FHA Streamline Refinances
EXPECTED READ TIME: 4 MINUTES
June 28, 2021
An FHA streamline refinance is similar to other government refinances, including the VA's IRRRL. Compared to the traditional refinance that is more involved, you can save time because there are fewer documentation requirements. Let's dive into what's involved and why an FHA streamline might be the right choice for you.
FHA Streamline Refinance Guidelines
The first requirement for an FHA streamline refi is that you have to have an FHA loan already. A streamline can't be done if you have a different mortgage type like a conventional or VA.
Two Types of FHA Streamline Refinances
Many borrowers are concerned about their credit and wonder if they'll need to have their credit pulled. It's good for them to know that there are two different types of streamline refinances:
1. Credit Qualifying FHA Streamline Refinance — Requires Credit Check
This type requires a credit check and analysis, but an appraisal isn't needed.
2. Non-Credit Qualifying FHA Streamline Refinance — No Credit Check
Neither a credit check nor an appraisal is needed.
The lender will be able to tell you which you'll qualify for and whether you need to have your credit pulled.
Net Tangible Benefit
Similar to a VA IRRRL, there has to be a financial benefit to the borrower to refinance.
Although the net tangible benefit test varies based on specific scenarios, it prevents borrowers from refinancing unnecessarily. It also protects them financially.
Streamline Isn't Cash-Out
The most cash you can get from a streamline refi is $500. So, if you need more than that, consider a regular cash-out refinance.
With a cash-out refi, you can get money for debt consolidation, home improvements, or whatever you need as long as you have enough equity. The other options are a home equity loan or a HELOC.
FHA Streamline Refinance Pros and Cons
Let's see what the pros and cons of an FHA streamline refi are.
- The most significant advantage is that it's very likely you can lower your rate or change the term of your loan with very little work on your end.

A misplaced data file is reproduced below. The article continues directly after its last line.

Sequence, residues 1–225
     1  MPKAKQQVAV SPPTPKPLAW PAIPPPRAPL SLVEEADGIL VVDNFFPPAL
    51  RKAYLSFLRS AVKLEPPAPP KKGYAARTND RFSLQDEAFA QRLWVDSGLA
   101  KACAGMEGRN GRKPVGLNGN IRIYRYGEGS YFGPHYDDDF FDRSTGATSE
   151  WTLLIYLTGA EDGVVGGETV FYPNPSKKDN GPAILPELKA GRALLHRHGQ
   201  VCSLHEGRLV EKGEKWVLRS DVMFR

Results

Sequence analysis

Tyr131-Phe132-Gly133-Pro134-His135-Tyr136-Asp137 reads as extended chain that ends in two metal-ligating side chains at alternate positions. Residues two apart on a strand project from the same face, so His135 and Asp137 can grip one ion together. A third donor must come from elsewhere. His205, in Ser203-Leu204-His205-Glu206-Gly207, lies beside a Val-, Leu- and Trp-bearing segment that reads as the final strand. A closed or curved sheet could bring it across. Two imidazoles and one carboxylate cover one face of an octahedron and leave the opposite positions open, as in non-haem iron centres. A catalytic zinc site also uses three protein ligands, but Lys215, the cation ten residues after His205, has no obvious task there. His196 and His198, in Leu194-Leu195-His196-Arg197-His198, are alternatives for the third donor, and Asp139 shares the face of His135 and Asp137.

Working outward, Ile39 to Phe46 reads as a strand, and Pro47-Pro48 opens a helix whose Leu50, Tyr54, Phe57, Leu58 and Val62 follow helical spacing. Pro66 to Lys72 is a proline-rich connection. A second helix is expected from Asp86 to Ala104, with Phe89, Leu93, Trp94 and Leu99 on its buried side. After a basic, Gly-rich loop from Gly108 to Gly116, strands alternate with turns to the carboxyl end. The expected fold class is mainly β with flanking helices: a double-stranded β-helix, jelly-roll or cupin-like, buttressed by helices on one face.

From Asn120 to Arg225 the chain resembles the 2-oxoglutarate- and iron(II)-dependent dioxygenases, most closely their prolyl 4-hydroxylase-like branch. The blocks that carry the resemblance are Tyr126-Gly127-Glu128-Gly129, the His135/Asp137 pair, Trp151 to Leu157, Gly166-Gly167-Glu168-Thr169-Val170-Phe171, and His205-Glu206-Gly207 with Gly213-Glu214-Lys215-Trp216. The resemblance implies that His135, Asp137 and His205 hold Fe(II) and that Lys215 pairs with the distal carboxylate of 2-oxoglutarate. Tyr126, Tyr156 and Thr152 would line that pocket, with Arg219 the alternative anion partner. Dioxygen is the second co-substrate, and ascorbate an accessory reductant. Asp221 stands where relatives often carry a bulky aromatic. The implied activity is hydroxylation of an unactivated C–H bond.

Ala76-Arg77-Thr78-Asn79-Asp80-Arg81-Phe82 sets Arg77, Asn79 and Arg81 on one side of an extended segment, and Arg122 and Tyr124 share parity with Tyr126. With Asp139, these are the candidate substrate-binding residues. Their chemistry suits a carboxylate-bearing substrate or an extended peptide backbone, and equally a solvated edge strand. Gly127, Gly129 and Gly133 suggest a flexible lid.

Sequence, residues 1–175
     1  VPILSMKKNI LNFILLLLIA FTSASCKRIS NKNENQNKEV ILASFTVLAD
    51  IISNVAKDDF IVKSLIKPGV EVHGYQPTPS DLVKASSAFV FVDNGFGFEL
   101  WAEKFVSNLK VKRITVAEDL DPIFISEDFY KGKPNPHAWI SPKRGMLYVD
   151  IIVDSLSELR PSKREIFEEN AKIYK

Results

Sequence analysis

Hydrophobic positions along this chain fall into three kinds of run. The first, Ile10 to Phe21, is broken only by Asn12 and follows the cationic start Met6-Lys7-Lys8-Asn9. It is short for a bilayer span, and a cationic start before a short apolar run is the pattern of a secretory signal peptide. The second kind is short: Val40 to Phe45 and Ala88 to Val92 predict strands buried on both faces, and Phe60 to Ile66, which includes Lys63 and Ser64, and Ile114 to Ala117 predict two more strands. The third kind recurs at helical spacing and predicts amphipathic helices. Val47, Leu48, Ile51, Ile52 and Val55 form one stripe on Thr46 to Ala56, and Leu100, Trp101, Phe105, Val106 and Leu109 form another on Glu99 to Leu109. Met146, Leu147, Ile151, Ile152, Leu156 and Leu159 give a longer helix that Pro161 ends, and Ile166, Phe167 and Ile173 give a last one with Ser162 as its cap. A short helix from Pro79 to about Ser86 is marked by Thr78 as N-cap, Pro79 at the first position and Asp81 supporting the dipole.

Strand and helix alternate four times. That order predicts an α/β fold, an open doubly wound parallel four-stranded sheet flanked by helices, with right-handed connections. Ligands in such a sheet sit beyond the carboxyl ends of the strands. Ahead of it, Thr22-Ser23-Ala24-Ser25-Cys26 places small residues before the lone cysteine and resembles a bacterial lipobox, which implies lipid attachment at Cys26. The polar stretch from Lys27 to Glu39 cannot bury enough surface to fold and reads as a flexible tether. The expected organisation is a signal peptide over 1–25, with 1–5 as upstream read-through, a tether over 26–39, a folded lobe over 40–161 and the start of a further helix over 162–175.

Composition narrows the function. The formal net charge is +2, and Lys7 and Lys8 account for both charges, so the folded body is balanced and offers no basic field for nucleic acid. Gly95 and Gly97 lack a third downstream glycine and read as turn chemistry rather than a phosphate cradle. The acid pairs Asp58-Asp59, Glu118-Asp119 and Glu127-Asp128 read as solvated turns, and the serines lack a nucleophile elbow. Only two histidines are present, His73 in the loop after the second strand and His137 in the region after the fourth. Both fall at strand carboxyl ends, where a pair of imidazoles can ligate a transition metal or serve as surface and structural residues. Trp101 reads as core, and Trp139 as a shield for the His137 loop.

- These refinances are pretty simple. They're called a streamline because there's limited underwriting and the borrower credit documentation is less than a regular refi.
- The most significant disadvantage of refinancing an FHA loan into another FHA loan is that you'll still have mortgage insurance premium (MIP). That can add $100 or more to your payment each month.
Many homeowners with an FHA mortgage want to get rid of MIP as soon as possible. For borrowers with less than stellar credit — an FHA loan may be the only option. But, as soon as their credit has improved to 620 and above, they should consider refinancing into a conventional home loan.
Just compare your options. Sometimes even with mortgage insurance, an FHA loan is still a better deal because of its low rates. Also, consider the cost of refinancing compared to how much you're saving each month. How long will it take you to recoup your costs? Is it worth it?
FHA Streamline Refinance Closing Costs
Typical closing costs for an FHA streamline will vary from lender to lender, but some fees are constant. Let's see what they are:
- Upfront mortgage insurance premium (UFMIP): If the current FHA loan is less than 3-years old, there's a refund credit to reduce the UFMIP.
- Title fees: These vary based on location and can include title insurance and settlement fees. When you talk to a lender and apply for a refinance, you'll get a loan estimate. This estimate will list all of your costs.
- Escrow accounts: If you have your taxes and insurance included in your payment, and you switch lenders, you may need to come up with some property tax or homeowner insurance funds for the new lender's escrow account. Ask your lender about this.
And when it comes to closing costs, you can choose to:
- Pay for them out of your pocket
- Roll them into the loan and increase the loan balance
- Accept a higher interest and have the lender cover the costs
Let's talk about a zero-cost refi.
Zero-Cost FHA Streamline Refinance
For any type of refinancing, FHA, VA, conventional, you'll see advertisements for a "zero-cost" refi. But zero-cost means there's no money coming out of your pocket. Here's how it works.
The lender charges you a higher interest rate and pays for the closing costs. If you want the lowest interest, you'll need to:
- Roll the costs into your loan, which will increase your balance
- Or you can pay for the closing costs out of your pocket
And when it comes to lender fees, they vary. Some charge an origination fee, and others don't. It's good to compare all your options.
Overall, FHA loans have many advantages. If you're interested in lowering your interest or changing the term of your loan and your credit score is less than 620, an FHA streamline might be your best option.